Homeless Youth Transitions to Market Rent Housing: A Critical Examination
What happens to young people experiencing homelessness once they become housed? Surprisingly, while there have been many studies on what drives young people to the streets and what keeps them there, there have been very few studies designed to follow young people in their journey off the streets.
In March 2015, I began 10 months of intense field work, hanging out with nine young people who had recently left the shelter system in Toronto, Canada and moved into market rent housing. My goal was relatively simple: I wanted formerly homeless young people to help me understand what kinds of things they needed in order to achieve meaningful social integration. In other words, if our society is a big circle and the young people were standing on the edge, how can we help them move inside the circle and feel like they belong?
All of the young people who participated in the study were living in Toronto and paying market rent prices. Most lived alone in rooming houses or basement suites. The majority were unemployed and receiving welfare supplements. Six of the young people had completed high school, which is significant given only about 35% of young people experiencing homelessness in Canada have completed high school (Gaetz, O’Grady, Kidd, & Schwan, 2016).
Most of the young people were enrolled in the study for six to nine months. During that time, we would meet one-on-one, every other week, wherever it was convenient for them to meet. We would meet at their new homes or close by most of the time, but sometimes they would take me to other places like their schools, places of employment, where they grew up, or places they liked to hang out. I purposely did not use a car during the study because I wanted to get a sense of what it was like to navigate a city of 2.8 million people on foot or public transit in all different kinds of weather. By the end of the study, I had met with most participants 13 to 19 times.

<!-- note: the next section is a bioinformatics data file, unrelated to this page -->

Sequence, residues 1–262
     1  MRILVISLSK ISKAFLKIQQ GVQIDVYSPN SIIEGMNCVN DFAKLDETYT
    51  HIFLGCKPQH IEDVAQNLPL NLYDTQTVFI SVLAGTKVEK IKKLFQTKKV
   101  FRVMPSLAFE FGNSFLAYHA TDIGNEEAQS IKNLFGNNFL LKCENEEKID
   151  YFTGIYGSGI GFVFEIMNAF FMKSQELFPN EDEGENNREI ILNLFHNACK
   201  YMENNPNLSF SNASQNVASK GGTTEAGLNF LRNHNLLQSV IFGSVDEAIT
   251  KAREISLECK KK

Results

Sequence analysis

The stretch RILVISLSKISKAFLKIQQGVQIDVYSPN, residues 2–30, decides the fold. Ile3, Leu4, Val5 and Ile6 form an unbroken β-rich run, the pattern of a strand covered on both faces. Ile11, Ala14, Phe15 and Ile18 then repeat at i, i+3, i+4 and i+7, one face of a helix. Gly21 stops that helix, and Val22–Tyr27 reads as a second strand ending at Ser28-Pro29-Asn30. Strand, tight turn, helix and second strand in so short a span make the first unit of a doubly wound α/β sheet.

As I conducted my fieldwork, I saw first-hand how social structures can be oppressive, positioning people in ways that make it remarkably challenging to move forward, despite the outside appearance of housing stability.
Three major findings emerged from the study:
1. Chronic precarity
- All of the young people lived below the poverty line for the entire study with most existing on welfare supplements of less than $8,000/year. After paying rent and purchasing a transit pass, most were left with just $36.00/month.
- Even though most of the youth had graduated from high school, the only jobs that were available to them were part-time, minimum wage, seemingly dead-end jobs. And when they did start working, welfare would claw back their meager incomes.
- Mainstream connections to people who could help participants get ahead vs. get by were either non-existent or extremely limited.
2. Identity evolution
- The young people were eager to distance themselves from identities of homelessness and wanted to be seen as responsible, competent emerging adults. Unfortunately, many of the supports available to them were located in homeless shelters, reminding them of their old identities as homeless youth.
- Participants’ identities were fragile because they were mostly linked to tangible things that could easily be taken away (like their homes). Participants had limited intangible identity-based assets such as a sense of purpose and control, self-esteem and self-efficacy.
3. Mastery and control undermined
- The young people used up most of their energy on day-to-day survival instead of long-term planning. Limited intangible identity-based assets meant the young people became easily discouraged and exhausted.
- Being unable to participate financially in our consumer-oriented culture made the young people feel even more inadequate.
- Ironically, the move away from the shelter and into mainstream society highlighted to participants that life was going to be much more challenging for them than for other young people the same age.Media Folder: